Supply Chain Recovery and Resiliency: Tianna Kennedy Testifies in House Subcommittee Hearing


On June 30th, 2021, Young Farmers member Tianna Kennedy testified in front of the House Agriculture Subcommittee on Biotechnology, Horticulture, and Research about supply chain recovery and resiliency for small producers. Tianna is a farmer in upstate New York who owns Star Route Farm and the 607 CSA. During the COVID-19 pandemic, the 607 CSA pivoted to meet the needs of their community by establishing a delivery service for their consumers consisting of 45 local farms serving 40 different towns. The new program was successful in providing a diversified CSA to 800 residents in the Catskills and New York City and serves as a promising example of an innovative regional foodshed model. The program also met various challenges, such as the immense business risk inherent in scaling up so quickly, as well as the high costs of trucking and warehousing food and the inability to meet all the consumer demand.

During her testimony, Tianna asked Congress to fund dedicated Rural Development office staff, non-profits, and extension staff to conduct outreach and provide technical assistance to regional food businesses and organizations like hers so that the transition to scaling up is more easeful. She called for the expansion of USDA programs beyond FSA microloans for vertically integrated infrastructure, such as new e-commerce platforms and transportation services and equipment. Items like these should be included in programs like the Value-Added Producer Grants (VAGP), the Local Food Promotion Program (LFPP), and the Regional Food Systems Partnerships (RFSP).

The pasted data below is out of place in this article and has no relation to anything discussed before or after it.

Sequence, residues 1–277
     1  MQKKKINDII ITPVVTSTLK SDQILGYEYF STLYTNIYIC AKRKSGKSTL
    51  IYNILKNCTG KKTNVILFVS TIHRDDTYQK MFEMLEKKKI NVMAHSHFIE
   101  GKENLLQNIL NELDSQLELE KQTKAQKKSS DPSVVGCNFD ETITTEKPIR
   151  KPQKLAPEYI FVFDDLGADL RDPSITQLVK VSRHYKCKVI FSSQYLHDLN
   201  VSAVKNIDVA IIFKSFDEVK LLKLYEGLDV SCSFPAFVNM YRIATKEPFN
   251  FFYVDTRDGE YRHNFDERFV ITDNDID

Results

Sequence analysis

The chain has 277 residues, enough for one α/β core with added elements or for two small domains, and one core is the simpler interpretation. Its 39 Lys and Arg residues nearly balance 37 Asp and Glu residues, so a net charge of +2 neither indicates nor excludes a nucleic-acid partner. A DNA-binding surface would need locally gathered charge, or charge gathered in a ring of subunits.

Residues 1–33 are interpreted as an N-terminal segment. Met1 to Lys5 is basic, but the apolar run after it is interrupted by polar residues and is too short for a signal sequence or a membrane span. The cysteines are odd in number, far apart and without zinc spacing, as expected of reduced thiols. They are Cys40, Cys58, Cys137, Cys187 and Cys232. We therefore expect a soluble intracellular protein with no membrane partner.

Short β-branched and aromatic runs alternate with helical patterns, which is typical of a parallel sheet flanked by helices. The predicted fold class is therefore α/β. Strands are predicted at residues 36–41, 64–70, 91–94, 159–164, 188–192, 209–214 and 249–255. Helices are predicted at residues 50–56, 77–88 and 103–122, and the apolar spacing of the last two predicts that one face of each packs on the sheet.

She urged for USDA to streamline its applications, extend deadlines, and eliminate match requirements to make USDA programs more accessible to beginning and small producers. She also suggested that the USDA prioritize the ranking of all Local Agriculture Market Program (LAMP) grant applications submitted by or intended to service new and beginning farmers, Black, Indigenous, and people of color (BIPOC) farmers, veterans, and small- and medium-sized farms. Finally, USDA should actively conduct outreach to and recruit BIPOC producers and organizations for grant review panels and USDA advisory committees to strive to ensure that the final makeup of committees and panels reflects the diversity of who works in agriculture, and USDA should commit to providing additional outreach, resources, and technical assistance to socially disadvantaged producers and underserved communities to increase equity in agriculture.

You can listen to Tianna’s testimony here.

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